placed benches, elderly tourists taking pictures and one bigger lady who was bitching really loudly about her annoying son-in-law(someone needs to do her oms!). There is a little museum and gift shop next to the lake filled with lots of healing stones and Yogi's robes(PS- have you heard that Spencer and Heidi Pratt have spent over HALF A MILLION DOLLARS on "magic" crystals?). Expertly crafted water falls and a breeze from the lake really do make this a soothing, calming place.

The coolest and honestly magical part of the garden was at the meditation chapel inside the recreated Dutch windmill-don't ask me why they chose a windmill. Inside it is like a tiny old English church, all white walls and shiny wood. About ten people, some in robes, sat quietly meditating or praying or thinking or whatever, and the only adornments were pictures of the great teachers, all male of course- Jesus, Buddha, etc. I meditated in there for a while and I must admit it was lovely. It was like the air was rarefied in that small windmill on the lake and everything felt lifted and elevated and well... peaceful.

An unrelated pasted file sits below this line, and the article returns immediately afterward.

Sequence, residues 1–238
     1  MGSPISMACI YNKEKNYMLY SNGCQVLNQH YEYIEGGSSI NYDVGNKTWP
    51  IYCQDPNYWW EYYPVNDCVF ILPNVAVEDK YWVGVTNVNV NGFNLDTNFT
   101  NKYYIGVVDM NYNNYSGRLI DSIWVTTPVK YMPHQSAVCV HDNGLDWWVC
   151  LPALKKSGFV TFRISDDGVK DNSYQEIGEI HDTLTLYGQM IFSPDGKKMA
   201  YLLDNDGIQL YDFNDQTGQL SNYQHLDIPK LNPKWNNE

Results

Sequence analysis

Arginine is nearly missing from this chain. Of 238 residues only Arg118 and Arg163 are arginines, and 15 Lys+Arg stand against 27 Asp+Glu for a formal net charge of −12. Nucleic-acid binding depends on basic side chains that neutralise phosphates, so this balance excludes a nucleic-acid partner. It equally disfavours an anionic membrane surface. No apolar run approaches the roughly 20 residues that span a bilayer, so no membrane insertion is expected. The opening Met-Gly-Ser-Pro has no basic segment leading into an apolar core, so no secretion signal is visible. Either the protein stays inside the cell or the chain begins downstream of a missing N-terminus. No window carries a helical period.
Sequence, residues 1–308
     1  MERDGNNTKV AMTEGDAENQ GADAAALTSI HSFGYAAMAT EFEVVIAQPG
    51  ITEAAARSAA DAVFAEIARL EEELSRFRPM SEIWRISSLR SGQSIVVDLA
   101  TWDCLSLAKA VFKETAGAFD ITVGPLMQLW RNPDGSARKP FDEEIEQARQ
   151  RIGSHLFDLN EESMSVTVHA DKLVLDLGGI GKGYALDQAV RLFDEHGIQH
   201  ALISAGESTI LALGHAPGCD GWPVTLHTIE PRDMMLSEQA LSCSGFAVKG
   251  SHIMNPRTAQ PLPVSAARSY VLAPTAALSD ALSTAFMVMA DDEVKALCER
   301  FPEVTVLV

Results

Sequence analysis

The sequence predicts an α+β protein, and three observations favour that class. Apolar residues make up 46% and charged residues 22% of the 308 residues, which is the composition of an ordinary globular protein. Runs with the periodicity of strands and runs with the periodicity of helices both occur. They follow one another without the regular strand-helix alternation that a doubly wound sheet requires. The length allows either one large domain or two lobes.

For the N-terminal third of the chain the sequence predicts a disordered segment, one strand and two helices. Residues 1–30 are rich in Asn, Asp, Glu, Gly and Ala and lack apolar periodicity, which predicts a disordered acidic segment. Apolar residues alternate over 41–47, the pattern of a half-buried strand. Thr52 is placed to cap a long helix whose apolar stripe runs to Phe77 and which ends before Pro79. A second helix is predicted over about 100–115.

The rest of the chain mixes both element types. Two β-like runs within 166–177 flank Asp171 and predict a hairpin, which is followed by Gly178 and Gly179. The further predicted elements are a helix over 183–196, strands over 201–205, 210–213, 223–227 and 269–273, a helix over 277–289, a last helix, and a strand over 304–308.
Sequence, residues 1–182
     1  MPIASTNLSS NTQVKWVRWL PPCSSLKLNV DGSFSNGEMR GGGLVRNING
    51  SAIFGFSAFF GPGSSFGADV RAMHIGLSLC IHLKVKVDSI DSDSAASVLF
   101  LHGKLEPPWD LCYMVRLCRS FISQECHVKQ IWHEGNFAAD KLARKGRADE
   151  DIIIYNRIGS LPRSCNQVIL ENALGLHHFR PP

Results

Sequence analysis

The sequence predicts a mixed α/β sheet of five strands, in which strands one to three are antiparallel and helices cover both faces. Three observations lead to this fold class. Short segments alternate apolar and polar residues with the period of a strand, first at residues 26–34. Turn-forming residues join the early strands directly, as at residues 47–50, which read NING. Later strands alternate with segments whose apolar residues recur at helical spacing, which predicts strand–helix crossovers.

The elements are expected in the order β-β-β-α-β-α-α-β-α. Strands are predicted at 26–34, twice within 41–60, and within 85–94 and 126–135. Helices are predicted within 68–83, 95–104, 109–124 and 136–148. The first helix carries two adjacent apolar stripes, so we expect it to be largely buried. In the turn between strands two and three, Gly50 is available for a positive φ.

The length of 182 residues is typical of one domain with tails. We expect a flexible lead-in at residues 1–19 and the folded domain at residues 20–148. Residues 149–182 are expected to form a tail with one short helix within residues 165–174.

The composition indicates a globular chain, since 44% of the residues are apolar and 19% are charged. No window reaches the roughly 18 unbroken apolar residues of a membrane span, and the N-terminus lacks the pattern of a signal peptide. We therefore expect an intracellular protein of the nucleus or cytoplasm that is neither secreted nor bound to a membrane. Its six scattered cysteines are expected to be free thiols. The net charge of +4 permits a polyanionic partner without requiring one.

The Fellowship offers all sorts of classes in the garden and in the great white temple(which is open only for services) which looms overhead. The Gandhi peace memorial, while visually unimpressive, is a very special thing to have in LA.

Ease: B
Subjective coolness: A-
Overall: B

Directions: Take Sunset Blvd. down to the Palisades. The lake/shrine/garden(this place has about a million names) is located at 17190 Sunset Blvd. Turn left and you will enter the free parking lot.
Hours: Tuesday-Saturday: 9am-4:30pm. Sunday: 12pm-4pm.
Price: Free, except for gas or whatever you cannot live without from the gift shop.